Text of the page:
THIS year’s Nutcracker from Scottish Ballet is a fascinating affair.
Artistic director Christopher Hampson has revived his predecessor Ashley Page’s much-loved choreography and it’s an interesting take on this most festive of productions.
I last took my children on our annual ballet outing to see it three years ago and although this year the set is scaled down, perhaps as a nod to austerity, it still has the feel and fashions of Weimar Germany. The psychological aspects of the original story are awarded prominence in a move to give added darkness to the traditional tale.
The story is based around the dreams of a little girl who has perhaps overindulged on the Christmas treats and conjures up a wild and strange world of toys and animals that come to life.
The production juxtaposes the beauty and grace of classic dance with frightening images; the masks worn by the Nutcracker and the mouse army cover half of the dancers’ faces in a nightmarish disjoint, a huge rat-like mouse looms over the stage, a baby is bitten by the evil mouse queen and is transformed into a monster. At every turn there is an air of menace which will thrill younger audience members who came expecting sugar plums.
Adolescent boys aren’t known for their love of ballet; my son is no Billy Elliot and has started to get the age where he isn’t likely to admit the annual trip to his school friends.
But all the horror and superb staging effects, which at one point reveal a living tableau inside a human brain, were right up his street. He was even engaged enough to keep his macho huffing to a minimum during the delightfully delicate Dance of the Snowflakes.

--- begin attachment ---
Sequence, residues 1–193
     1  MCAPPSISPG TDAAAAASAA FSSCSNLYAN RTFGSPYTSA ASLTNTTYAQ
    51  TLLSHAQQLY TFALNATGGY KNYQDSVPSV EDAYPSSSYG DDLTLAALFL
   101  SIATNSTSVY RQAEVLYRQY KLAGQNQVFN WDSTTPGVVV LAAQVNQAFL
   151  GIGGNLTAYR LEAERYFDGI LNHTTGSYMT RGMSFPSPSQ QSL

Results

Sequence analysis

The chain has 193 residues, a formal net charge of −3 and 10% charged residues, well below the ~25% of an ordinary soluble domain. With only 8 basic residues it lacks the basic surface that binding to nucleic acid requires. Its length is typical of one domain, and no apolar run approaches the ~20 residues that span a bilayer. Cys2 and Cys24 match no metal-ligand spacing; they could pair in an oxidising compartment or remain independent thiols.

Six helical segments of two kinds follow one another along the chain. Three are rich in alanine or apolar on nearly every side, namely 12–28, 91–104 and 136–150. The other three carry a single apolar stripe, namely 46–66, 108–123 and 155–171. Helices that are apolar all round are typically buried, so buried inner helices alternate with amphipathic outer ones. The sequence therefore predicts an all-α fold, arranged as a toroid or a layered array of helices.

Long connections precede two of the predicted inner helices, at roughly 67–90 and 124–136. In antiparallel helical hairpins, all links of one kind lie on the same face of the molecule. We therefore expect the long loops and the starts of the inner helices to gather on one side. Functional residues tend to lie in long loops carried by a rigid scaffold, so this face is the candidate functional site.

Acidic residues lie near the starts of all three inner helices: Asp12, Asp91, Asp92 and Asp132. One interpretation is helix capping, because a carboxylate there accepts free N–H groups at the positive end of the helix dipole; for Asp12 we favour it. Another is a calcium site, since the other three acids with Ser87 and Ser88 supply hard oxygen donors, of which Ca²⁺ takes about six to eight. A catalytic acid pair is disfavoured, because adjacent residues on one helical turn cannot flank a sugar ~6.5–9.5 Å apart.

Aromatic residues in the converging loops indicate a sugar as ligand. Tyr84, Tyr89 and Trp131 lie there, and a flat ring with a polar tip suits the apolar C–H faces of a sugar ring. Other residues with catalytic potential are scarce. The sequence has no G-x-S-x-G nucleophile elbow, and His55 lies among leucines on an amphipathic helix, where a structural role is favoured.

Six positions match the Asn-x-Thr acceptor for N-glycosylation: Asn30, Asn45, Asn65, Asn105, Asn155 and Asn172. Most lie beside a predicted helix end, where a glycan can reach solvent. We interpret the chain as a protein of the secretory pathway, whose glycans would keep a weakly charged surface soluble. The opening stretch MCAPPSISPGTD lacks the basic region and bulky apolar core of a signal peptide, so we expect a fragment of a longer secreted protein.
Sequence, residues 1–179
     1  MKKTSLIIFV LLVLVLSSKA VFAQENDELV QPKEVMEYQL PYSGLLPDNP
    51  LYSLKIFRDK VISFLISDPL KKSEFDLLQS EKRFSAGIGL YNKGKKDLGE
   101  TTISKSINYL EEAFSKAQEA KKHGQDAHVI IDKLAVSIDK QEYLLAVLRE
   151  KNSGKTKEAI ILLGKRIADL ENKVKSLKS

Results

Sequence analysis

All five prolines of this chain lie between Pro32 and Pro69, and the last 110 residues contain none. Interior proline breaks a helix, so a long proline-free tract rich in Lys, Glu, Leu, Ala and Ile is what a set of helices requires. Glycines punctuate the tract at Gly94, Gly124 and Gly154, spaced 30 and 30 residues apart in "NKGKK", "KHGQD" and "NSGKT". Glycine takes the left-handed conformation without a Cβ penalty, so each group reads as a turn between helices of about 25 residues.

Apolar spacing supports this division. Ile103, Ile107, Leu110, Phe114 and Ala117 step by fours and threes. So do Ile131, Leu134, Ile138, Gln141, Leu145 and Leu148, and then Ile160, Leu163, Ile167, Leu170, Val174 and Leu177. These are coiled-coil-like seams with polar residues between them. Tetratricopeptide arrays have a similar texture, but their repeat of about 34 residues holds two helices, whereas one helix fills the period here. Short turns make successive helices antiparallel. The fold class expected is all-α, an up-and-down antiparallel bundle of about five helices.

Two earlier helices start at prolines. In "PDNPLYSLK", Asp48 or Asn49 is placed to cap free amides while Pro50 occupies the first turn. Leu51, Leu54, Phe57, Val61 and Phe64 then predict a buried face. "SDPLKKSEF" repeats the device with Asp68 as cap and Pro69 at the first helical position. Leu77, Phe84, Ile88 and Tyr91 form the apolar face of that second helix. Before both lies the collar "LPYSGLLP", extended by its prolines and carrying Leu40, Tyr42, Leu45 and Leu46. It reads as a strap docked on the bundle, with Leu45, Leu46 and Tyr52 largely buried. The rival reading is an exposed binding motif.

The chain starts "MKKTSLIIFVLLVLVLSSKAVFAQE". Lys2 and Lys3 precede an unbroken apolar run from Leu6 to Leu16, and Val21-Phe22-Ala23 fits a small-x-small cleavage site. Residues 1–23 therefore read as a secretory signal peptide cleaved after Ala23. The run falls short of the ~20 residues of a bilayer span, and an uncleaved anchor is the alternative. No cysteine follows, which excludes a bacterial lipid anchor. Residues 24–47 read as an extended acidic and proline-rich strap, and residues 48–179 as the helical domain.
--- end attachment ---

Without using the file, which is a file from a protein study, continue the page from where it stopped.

When you’re a sophisticated 14-year-old girl like his sister, however, you know that the highlight is going to be the pas de deux, or as my son puts it, the showoff bit at the end.
The two principals put in a fluid and romantic performance, but half the fun as children get older is their ability to recognise up and coming talent.
My daughter’s plaudits went to the stunning dance of the flowers, in particular the two courgette flowers whom she hopes to see in next year’s production.
We may enjoy it in different ways, but the sheer spectacle of this year’s ballet guarantees that we’ll all be going again next year, whether we admit it to our peers or not.
• The Nutcracker is at the Festival Theatre, Edinburgh, from 8-12 January, 7:30pm, matinees 2pm, Thurs and Sat, tickets £14-£38, tel: 0131-529 6000, www.edtheatres.com, and then touring until 9 February, scottishballet.co.uk
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